Tag Archives: amateur sleuth

Nothing Can Rescue Me by Elizabeth Daly

Nothing Can Rescue MeNothing Can Rescue Me by Elizabeth Daly
Rating: ★★★★
Series: Henry Gamadge #5
Publication Date: December 15, 1943
Genre: mystery
Pages: 201

In mid-1943, and up to his elbows in war work, Henry Gamadge is longing for a quiet weekend. But when a half-forgotten classmate requests assistance, Gamadge is unable to refuse the tug of an old school tie. The problem, says Sylvanus, concerns his Aunt Florence—a giddy socialite terrified of Nazi bombs. Florence has moved her extensive household of hangers-on to the family mansion in upstate New York. But menace seems to have followed them, in the form of threatening messages inserted into the manuscript of Florence’s painfully bad novel in progress. Several members of the household are convinced the messages are emanating from Another World, but the politely pragmatic Gamadge suspects a culprit closer to home.

Project: a century of women

I stumbled across these Henry Gamadge mystery reissues by Elizabeth Daly on Goodreads, and when I started researching them, I realized that my local library has most, if not all, of the series available for digital checkout. I just picked one sort of randomly – about half of them were available and the other half had holds, so I just went with one that I could download immediately.

I really enjoyed this book – it reminded me a bit of a Patricia Wentworth Miss Silver mystery. The set up of the mystery is basically that Henry Gamadge, who is apparently known as a bit of an amateur sleuth, runs into an old friend while he is out at his club. When they begin catching up, the friend, Sylvanus, convinces him that there is a mystery afoot that he needs some help with. Henry agrees to accompany him to Underhill, a country house in upstate New York, to see what he can find out.

Once Henry arrives, he is immediately concerned about the safety of Aunt Florence, whose death will benefit quite a large number of the young people living in her house. It feels very Poirot-like, all of the mutterings about what appear at first blush to be pranks being much more serious than that (see, e.g., Hickory Dickory Dock). There is a lot of activity around Aunt Florence’s Will, and which of her young hangers-on will be receiving legacies, and which will not.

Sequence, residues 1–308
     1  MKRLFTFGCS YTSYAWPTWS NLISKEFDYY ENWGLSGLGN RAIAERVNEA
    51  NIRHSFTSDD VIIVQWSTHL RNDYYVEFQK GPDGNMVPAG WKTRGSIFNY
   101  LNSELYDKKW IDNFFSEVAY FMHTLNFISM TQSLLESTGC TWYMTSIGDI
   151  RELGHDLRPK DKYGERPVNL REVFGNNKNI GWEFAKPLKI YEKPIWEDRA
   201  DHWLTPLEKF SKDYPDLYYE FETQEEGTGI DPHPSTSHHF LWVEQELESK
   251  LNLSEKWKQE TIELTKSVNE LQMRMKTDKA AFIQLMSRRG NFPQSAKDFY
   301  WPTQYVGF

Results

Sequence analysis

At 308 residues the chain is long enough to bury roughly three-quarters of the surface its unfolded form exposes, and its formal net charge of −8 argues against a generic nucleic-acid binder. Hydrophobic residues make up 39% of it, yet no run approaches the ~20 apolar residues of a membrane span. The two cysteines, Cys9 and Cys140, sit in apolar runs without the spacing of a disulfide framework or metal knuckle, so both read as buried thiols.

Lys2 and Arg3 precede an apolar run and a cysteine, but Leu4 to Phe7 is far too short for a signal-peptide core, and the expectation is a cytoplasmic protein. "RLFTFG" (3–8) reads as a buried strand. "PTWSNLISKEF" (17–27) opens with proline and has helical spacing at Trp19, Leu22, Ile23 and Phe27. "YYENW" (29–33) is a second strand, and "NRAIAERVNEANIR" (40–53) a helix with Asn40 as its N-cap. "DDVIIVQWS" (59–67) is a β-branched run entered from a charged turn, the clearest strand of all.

The solution itself is convoluted, but still clever. There’s a lot of fairly skilled misdirection, although I had some pretty good inklings about whodunit, she did a good job concealing the motive.

It’s always fantastic to find a new vintage mystery series to enjoy, and when the series is also available from my local library for free, that is extra-fantastic. I will definitely be reading more from Elizabeth Daly.

Halloween Bingo: Amateur Sleuth

I’ve completed my discussion of the first row, and have realized that I am going to run out of time before Bingo begins. No worries, though. I’ll just keep going until I lose interest!

This is a really easy square for me to fill – it’s mystery, first of all, which is my favorite, and most read, genre, and then it’s also a sub-genre that I read a lot of, in any case. I’m not actually a huge cozy mystery fan, which works well for “Amateur Sleuth,” but a lot of my favorite Golden Age series, and even some of my modern series, do have P.I. or other amateur protagonists.

Which brings me to the definition – I take a “broad” approach to amateur, allowing any sleuth who isn’t actively employed by a police department or other government sanctioned agency (FBI, sheriffs, prosecutors, etc). So, with my definition, P.I.’s and retired police officers fit, and even Sherlock Holmes is an “amateur sleuth,” notwithstanding the fact that he would be deeply, deeply offended by the characterization!

I’m not going to list all of the books I’ve read in past bingo games that would have fit this square because the list would be long, indeed. Looking back over past cards, I’m surprised to note that I have never actually played this specific square before. In any case, I’m just going to mention a few books/series that are on my radar for this HB season!

I will definitely be reading both of these books, as they are my Appointment With Agatha reads for September and October. They are also both Poirot books, and much to his irritation, he is also an “amateur sleuth” under this square’s definition.

If I decide to apply both of those books to alternative squares, however, I have some other ongoing vintage mystery series that I could dip into for this one: Brian Flynn’s Anthony Bathurst series, currently being republished by one of my favorite small, independent publishers, Dean Street Press, Gladys Mitchell’s Mrs. Bradley series, most of which are available through the Kindle Unlimited Library, the Miss Silver series by Patricia Wentworth, which I mostly own for kindle, or Ellis Peter’s delightful Brother Cadfael books, which I have also collected over the years.

The choices are, truly endless.